human peripheral blood or cord blood and propagated on collagen substrate.

The molecular phenotype of OECs was characterised by flow cytometry and

immunocytochemistry. Clonogenic and proliferative potential and senescence

analysis demonstrated that OECs could be single-cell cloned and reach over

60 population doublings in 70 days after which they exhibited a senescent

phenotype although they maintained a normal diploid karyotype. Tubulogenesis

assays demonstrated that OECs form a typical tube-like network when

cultured in Matrigel. OECs co-cultured with primary microvascular endothelial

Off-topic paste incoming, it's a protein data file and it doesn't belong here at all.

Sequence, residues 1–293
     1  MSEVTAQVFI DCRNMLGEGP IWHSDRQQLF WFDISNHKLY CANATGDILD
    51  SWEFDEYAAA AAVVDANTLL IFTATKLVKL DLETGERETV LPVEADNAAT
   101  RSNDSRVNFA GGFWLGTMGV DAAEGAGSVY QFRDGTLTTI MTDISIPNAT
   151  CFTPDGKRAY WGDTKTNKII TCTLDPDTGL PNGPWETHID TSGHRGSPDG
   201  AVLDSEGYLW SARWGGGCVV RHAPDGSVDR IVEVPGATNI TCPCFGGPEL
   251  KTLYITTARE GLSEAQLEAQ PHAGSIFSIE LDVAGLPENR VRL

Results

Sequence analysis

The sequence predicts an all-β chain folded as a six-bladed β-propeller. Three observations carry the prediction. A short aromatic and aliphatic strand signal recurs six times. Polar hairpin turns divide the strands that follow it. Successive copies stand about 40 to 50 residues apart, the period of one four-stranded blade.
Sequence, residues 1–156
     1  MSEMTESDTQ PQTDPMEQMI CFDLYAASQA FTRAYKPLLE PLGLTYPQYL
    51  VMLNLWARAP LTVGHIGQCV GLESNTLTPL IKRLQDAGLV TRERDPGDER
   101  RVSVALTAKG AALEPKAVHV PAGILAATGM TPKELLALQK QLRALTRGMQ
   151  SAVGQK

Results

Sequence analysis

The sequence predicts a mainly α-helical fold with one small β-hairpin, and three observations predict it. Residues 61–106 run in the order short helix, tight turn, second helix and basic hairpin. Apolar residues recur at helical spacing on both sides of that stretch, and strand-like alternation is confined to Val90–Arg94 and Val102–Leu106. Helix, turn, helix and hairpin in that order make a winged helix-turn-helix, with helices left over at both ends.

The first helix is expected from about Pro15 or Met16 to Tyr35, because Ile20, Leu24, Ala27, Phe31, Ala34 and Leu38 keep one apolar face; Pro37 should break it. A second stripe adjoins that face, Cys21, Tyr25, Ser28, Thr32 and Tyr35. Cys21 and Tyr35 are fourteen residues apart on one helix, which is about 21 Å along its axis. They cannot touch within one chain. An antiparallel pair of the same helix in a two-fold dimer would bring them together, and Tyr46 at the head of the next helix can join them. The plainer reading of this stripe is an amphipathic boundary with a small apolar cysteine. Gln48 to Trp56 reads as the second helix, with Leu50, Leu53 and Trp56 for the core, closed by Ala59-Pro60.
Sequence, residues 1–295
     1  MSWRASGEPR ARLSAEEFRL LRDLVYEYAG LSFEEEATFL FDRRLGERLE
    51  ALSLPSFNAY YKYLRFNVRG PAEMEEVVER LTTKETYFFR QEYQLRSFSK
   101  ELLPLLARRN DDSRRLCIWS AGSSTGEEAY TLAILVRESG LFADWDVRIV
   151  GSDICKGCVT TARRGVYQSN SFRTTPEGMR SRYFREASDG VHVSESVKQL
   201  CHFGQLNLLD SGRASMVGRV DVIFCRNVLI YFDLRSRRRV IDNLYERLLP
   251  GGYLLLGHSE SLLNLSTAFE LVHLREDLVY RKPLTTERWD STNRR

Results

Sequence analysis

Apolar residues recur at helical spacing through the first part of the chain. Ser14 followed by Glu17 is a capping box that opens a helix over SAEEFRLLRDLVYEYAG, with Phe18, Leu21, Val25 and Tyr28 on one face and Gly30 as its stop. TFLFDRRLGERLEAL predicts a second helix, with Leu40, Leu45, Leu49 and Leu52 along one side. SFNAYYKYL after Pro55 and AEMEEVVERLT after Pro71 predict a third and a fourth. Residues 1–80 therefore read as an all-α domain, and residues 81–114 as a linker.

cells formed a confluent uniform cell monolayer. Immunostaining for

cadherin, b-catenin and ZO-1 demonstrated that OECs interacted closely with

mature endothelial cells by forming adherens and tight junctions. Using an

in vitro 3D-angiogenesis model we found that OECs fully incorporated into a

microvascular tube network. For a parallel in vivo investigation, we utilised a

murine model of ischaemic retinopathy in which central retinal hypoxia drives

a pathologic “pre-retinal” neovascular response. OECs were labelled with

intracellular Qdots and delivered into the vitreous of mice with ischaemic

retinas. After 72 hours, confocal microscopy revealed that OECs integrated

into the “intra-retinal” microvasculature where they significantly contributed